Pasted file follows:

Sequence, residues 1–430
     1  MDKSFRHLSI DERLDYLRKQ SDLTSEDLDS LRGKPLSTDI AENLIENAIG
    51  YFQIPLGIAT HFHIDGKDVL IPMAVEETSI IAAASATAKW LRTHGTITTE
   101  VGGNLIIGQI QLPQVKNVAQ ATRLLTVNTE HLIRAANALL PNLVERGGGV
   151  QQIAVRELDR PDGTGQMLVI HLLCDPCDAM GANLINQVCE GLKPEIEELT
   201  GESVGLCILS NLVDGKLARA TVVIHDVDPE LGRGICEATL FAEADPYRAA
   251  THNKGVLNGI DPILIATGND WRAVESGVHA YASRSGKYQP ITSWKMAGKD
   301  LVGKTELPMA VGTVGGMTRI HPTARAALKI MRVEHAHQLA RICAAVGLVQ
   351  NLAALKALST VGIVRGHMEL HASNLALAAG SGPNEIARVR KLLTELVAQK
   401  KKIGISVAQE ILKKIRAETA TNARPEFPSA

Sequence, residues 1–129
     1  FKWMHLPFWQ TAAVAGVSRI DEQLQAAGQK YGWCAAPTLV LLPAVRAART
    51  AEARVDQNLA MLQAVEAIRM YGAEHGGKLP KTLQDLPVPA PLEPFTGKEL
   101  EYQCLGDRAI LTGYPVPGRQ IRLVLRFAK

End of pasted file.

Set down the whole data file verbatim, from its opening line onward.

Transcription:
Sequence, residues 1–430
     1  MDKSFRHLSI DERLDYLRKQ SDLTSEDLDS LRGKPLSTDI AENLIENAIG
    51  YFQIPLGIAT HFHIDGKDVL IPMAVEETSI IAAASATAKW LRTHGTITTE
   101  VGGNLIIGQI QLPQVKNVAQ ATRLLTVNTE HLIRAANALL PNLVERGGGV
   151  QQIAVRELDR PDGTGQMLVI HLLCDPCDAM GANLINQVCE GLKPEIEELT
   201  GESVGLCILS NLVDGKLARA TVVIHDVDPE LGRGICEATL FAEADPYRAA
   251  THNKGVLNGI DPILIATGND WRAVESGVHA YASRSGKYQP ITSWKMAGKD
   301  LVGKTELPMA VGTVGGMTRI HPTARAALKI MRVEHAHQLA RICAAVGLVQ
   351  NLAALKALST VGIVRGHMEL HASNLALAAG SGPNEIARVR KLLTELVAQK
   401  KKIGISVAQE ILKKIRAETA TNARPEFPSA

Sequence, residues 1–129
     1  FKWMHLPFWQ TAAVAGVSRI DEQLQAAGQK YGWCAAPTLV LLPAVRAART
    51  AEARVDQNLA MLQAVEAIRM YGAEHGGKLP KTLQDLPVPA PLEPFTGKEL
   101  EYQCLGDRAI LTGYPVPGRQ IRLVLRFAK